The Home Office said it was “disappointed” by the tribunal’s decision and would consider appealing.
Sheikh Salah arrived in Britain last June after border officials made a series of mistakes that allowed him to enter through Heathrow Airport despite being on an exclusion list.
He was detained in his London hotel on June 28, hours after addressing a meeting in Leicester and the day before he was due to speak at Parliament. He was later described in the House of Commons as having “a history of virulent antisemitism”. Three weeks later he was released on strict bail conditions while awaiting his full deportation hearing, which he subsequently lost last October. His appeal against that ruling was heard earlier this year, with the judges’ ruling sent to Sheikh Salah’s lawyers last Thursday and made public two days later.
The judges recognised the offensive nature of Sheikh Salah’s 2007 sermon — for which he was charged with incitement to racism and violence by an Israeli magistrates’ court the following year — and a 2002 poem he had written which referred to oppressors as “monkeys and losers”. But they ruled that the issues were “not at the heart of the appellant’s message” and that “it is not easy to see that any reasonable observer would associate the appellant with them in any general sense”.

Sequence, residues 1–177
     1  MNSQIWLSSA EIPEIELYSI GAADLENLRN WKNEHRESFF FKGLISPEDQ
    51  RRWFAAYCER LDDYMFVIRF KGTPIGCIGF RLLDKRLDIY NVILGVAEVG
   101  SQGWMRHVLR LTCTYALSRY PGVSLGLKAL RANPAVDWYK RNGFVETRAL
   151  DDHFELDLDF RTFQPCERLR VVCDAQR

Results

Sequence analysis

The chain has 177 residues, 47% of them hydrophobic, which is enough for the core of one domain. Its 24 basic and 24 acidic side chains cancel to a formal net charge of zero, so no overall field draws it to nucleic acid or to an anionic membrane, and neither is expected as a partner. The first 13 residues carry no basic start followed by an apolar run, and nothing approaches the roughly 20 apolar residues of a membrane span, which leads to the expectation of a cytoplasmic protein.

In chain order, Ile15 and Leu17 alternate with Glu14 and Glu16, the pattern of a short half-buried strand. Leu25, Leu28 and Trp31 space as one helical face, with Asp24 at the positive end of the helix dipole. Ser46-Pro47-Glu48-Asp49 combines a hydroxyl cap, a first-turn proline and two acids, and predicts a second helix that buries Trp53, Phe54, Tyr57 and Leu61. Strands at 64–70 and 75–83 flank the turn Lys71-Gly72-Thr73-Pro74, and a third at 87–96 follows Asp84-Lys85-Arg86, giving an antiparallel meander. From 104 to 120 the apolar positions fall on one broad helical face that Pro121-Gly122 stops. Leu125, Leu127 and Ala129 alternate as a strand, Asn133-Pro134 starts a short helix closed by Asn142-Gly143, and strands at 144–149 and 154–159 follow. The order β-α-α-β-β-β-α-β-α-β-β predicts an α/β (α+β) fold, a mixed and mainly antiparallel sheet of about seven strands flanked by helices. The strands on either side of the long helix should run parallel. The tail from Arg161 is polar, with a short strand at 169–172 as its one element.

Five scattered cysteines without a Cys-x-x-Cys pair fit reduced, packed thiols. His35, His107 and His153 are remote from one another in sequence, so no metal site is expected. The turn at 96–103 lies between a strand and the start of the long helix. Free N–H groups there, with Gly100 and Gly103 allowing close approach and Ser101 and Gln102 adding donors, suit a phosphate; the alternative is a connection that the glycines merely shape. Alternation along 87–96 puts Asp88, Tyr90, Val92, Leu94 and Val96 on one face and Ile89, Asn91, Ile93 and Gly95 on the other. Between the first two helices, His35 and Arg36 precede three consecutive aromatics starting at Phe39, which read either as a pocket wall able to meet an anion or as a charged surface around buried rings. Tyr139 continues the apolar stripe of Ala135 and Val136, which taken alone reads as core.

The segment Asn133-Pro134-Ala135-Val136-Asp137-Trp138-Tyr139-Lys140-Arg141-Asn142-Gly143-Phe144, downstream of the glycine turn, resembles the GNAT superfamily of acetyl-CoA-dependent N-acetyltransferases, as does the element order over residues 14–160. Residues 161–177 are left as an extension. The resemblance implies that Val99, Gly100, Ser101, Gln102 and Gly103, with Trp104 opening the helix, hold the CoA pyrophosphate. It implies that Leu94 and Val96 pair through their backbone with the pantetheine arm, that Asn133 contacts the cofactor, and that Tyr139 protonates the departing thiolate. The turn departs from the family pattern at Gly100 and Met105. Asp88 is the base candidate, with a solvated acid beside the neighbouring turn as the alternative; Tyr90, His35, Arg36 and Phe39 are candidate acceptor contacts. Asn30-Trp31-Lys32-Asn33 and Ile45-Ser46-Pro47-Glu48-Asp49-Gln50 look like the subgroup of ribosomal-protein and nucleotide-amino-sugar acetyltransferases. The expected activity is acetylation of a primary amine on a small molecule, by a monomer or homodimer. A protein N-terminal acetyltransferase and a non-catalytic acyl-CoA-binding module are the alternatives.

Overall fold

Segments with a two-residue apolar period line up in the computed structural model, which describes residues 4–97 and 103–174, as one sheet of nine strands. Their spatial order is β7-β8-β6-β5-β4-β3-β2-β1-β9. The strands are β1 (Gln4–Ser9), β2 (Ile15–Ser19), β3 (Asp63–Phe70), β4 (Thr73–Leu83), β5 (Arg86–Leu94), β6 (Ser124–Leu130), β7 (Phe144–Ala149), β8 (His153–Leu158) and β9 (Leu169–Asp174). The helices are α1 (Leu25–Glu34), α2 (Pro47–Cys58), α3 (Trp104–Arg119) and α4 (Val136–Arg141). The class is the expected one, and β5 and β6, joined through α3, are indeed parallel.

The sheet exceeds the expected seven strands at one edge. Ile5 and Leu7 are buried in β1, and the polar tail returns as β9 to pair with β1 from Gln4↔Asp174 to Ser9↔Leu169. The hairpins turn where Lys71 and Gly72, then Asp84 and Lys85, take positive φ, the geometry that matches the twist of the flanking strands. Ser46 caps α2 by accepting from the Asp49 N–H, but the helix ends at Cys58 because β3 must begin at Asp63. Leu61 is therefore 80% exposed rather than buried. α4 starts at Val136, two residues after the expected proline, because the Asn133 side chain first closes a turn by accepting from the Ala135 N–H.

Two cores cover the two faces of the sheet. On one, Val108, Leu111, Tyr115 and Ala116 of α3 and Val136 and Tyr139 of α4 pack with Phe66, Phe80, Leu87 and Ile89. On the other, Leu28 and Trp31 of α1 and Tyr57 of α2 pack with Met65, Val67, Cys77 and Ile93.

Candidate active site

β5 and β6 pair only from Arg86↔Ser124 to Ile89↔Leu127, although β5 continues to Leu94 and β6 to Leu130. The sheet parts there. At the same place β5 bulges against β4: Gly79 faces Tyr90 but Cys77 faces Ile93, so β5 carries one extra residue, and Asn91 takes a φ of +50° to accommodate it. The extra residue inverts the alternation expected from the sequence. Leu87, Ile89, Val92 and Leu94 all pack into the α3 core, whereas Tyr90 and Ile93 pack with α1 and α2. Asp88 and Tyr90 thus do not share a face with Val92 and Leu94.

They said it was “unclear” whether funds he raised for Hamas — an offence for which he had been convicted in Israel in 2003 — had benefitted the terrorist organisation’s political or military wings.